With regard to , it would be sacrilegious to leave out what would convey the truth. All men were agreed that he was not only observed to be a most noble character, but also most gifted with eloquence when put to the test, while the charm that sat on his tongue and lips seemed to be nothing less than witchcraft. His mildness and amiability so blossomed out in what he said and gushed forth with his words, that those who heard his voice and speeches surrendered themselves like men who had tasted the lotus, and they hung on that voice and those speeches. So closely did he resemble the musical Sirens, that the emperor, for all that he was wrapped up in the books of the Christians, sent for him at the time when he was alarmed by the state of affairs, and was hard pressed by impending danger from the king of the Persians, who had once already laid siege to Antioch and raided it with his bowmen. For unexpectedly and on a sudden he seized the height that commanded the theatre, and with his arrows shot and massacred that great crowd of spectators. In this similar crisis all men were so held captive and enchanted by Eustathius, that they did not hesitate to commend a man of the Hellenic faith to the ears of the emperor; although the earlier emperors had been accustomed to elect for embassies men who had won distinction in the army, or military prefects, or men who were next in rank to these and had been selected for office. But at that time, at the imperious call of necessity, Eustathius was sought out and admitted by general consent to be the most prudent of all men. Accordingly he was summoned by the emperor, and came forthwith, and so potent was the charm on his lips that those who had advised that the embassy should be dispatched in charge of Eustathius won greater consideration than before from the emperor, and he inclined more favourably towards them. Moreover, some of these men set out of their own accord to accompany the embassy, because they wished to employ a still greater test, whether in his encounter with the barbarians Eustathius should prove to possess the same power to enchant and persuade. When they arrived in Persia, Sapor was reported to be and actually was tyrannical and savage towards those who approached him; nevertheless, when Eustathius, for the embassy in general, was allowed access to the king, the latter could not but admire the expression of his eyes which was at once amiable and proudly indifferent, in spite of the many preparations that the king had devised in order to dazzle and overawe the man. And when he heard his voice conversing so equably and with no effort, when he heard him run over his arguments so modestly and good-naturedly, he bade him withdraw; and Eustathius went out, leaving the tyrant a captive to his eloquence. Presently he sent a message by his household officials to invite him to his table, and when he obeyed the summons, since the king seemed to him to have a natural bent for virtue, Sapor joined him at the banquet. Thus Eustathius became his companion at table, and by his eloquence won such influence over him that the king of Persia came within an ace of renouncing his upright tiara, laying aside his purple and bejewelled attire, and putting on instead the philosopher's cloak of Eustathius; so successfully did the latter run down the life of luxury and the pomps and vanities of the flesh, to such depths of misery did he seem to bring down those who loved their bodies. But this was prevented by certain magi who happened to be at the court, and kept asserting that the man was nothing but a mere conjuror; and they persuaded the king to reply to the Roman emperor by asking him why, when Fortune had bestowed on them so many distinguished men, they sent persons no better than slaves who had enriched themselves. And the whole result of the embassy was contrary to men's expectations.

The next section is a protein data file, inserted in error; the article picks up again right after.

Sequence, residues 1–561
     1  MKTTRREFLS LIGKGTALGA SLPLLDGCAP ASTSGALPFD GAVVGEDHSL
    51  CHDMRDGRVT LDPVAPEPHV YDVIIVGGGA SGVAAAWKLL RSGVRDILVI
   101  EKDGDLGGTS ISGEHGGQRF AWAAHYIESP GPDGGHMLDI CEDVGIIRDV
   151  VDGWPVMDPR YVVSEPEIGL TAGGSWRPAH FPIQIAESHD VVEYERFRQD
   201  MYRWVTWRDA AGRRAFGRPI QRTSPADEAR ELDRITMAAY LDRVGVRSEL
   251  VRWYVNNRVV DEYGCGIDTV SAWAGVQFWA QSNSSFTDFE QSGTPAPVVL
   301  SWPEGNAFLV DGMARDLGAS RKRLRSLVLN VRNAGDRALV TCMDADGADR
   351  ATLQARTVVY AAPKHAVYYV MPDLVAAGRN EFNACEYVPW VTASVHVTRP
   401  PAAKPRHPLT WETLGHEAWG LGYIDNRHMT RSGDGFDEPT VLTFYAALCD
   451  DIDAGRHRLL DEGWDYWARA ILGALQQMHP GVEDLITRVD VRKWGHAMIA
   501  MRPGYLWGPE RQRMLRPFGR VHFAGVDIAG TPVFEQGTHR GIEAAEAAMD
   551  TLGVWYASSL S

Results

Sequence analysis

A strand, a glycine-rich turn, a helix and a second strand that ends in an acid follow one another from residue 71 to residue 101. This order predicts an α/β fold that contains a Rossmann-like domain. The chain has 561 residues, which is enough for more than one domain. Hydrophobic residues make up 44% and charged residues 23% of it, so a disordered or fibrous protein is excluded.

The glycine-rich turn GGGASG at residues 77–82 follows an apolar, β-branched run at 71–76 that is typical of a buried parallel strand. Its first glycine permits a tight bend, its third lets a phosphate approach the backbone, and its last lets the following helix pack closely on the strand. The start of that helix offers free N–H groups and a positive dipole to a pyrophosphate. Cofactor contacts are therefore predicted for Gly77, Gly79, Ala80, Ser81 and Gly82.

Satisfied customers are saying